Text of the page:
Virtual Healthcare
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Virtual Healthcare Adoption

With every health system’s ten-year plan for virtual healthcare being implemented during a two to six-week period in March/April 2020, health systems will not be returning to the pre-pandemic strategy landscape when it comes to competing for patients.  While many health systems have historically utilized aspects of a virtual health strategy as part of their future care delivery design, the pandemic marked a shift in virtual care delivery and acceptance – and transformed competition in everyone’s market.

The frantic adoption of virtual and telehealth channels for patient care most immediately solved the question of “how do we care for patients during a pandemic?”  While significant unknowns in terms of the post-pandemic virtual health regulatory landscape remain, we can be certain that it will provide a new competitive paradigm that successful organizations will use to shift market volumes.  We are, in fact, in a new reality where patient movement throughout the care continuum will be as fluid as ever, thanks to the pandemic-related removal of regulatory and reimbursement barriers leading to widespread adoption.  Because of this, many health systems are aggressively striving to answer the strategic question of “What does a mature virtual health offering look like and how it is best leveraged to acquire and retain patients and market share?”   This question will be answered over time, but we see four imperatives for health systems to consider immediately:

1. Prepare for Disruption to Existing Patient Relationships

Overall, the biggest threat to health systems from widespread adoption of virtual health is disruption of existing patient/provider relationships.  This will come in the form of increased commercial telehealth company presence, new competition from existing competitor health systems – both within the market and outside the market – and independent physician practices.  Increased patient acceptance of virtual health creates an access competition that historically was framed by the geographic location of access points.  While every health system should view this as a threat, it is also an opportunity for growth if the organization can become a market leader in this area.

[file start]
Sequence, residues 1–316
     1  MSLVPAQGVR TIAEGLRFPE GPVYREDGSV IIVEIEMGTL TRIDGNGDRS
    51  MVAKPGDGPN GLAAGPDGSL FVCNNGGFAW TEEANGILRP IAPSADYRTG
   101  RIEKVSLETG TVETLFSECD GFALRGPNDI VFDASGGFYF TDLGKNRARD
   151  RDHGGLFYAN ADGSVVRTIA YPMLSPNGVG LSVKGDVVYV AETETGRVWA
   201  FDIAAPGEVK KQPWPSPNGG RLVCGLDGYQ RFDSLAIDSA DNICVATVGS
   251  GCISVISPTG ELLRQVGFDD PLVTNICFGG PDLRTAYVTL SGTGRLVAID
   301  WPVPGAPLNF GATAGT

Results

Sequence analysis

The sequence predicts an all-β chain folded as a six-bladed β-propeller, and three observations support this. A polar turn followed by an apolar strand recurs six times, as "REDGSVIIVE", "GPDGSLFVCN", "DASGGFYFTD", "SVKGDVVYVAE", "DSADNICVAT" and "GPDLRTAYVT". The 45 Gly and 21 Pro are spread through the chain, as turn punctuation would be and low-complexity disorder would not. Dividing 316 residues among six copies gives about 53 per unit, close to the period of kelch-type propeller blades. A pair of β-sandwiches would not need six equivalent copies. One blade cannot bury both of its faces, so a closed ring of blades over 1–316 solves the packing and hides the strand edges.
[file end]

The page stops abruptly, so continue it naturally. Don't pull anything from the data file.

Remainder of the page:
2. Virtual Healthcare Delivery Must Be A Core Competency

Most healthcare organizations pieced together a Virtual Health offering during the COVID-19 pandemic out of necessity. Thanks to relaxed regulations around these services, there are a multitude of solutions being utilized to connect providers and patients.  However, as this market matures, we can expect the quality of Virtual Health offerings by a health system will become a differentiator – positive or negative – and will have a direct impact on a health system’s ability to acquire and retain patients.  While the inevitable retightening of Virtual Health regulatory and reimbursement guidance will force restructuring of some Virtual Health models, health systems should be motivated to build a “best in class” offering and differentiate themselves from others.   

3. Practice Operations and Culture Cannot “Go Back to Normal”